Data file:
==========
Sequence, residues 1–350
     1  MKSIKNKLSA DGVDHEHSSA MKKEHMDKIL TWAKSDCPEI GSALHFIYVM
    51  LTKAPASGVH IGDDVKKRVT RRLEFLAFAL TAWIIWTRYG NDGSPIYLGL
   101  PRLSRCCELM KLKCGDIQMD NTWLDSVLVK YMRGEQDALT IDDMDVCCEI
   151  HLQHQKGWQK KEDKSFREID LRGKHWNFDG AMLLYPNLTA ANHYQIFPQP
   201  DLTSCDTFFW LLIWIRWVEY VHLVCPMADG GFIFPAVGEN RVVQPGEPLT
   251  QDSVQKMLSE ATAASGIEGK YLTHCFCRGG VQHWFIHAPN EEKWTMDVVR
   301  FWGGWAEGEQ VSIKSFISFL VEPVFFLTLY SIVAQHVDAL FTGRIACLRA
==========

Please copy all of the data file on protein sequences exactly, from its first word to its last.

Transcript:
Sequence, residues 1–350
     1  MKSIKNKLSA DGVDHEHSSA MKKEHMDKIL TWAKSDCPEI GSALHFIYVM
    51  LTKAPASGVH IGDDVKKRVT RRLEFLAFAL TAWIIWTRYG NDGSPIYLGL
   101  PRLSRCCELM KLKCGDIQMD NTWLDSVLVK YMRGEQDALT IDDMDVCCEI
   151  HLQHQKGWQK KEDKSFREID LRGKHWNFDG AMLLYPNLTA ANHYQIFPQP
   201  DLTSCDTFFW LLIWIRWVEY VHLVCPMADG GFIFPAVGEN RVVQPGEPLT
   251  QDSVQKMLSE ATAASGIEGK YLTHCFCRGG VQHWFIHAPN EEKWTMDVVR
   301  FWGGWAEGEQ VSIKSFISFL VEPVFFLTLY SIVAQHVDAL FTGRIACLRA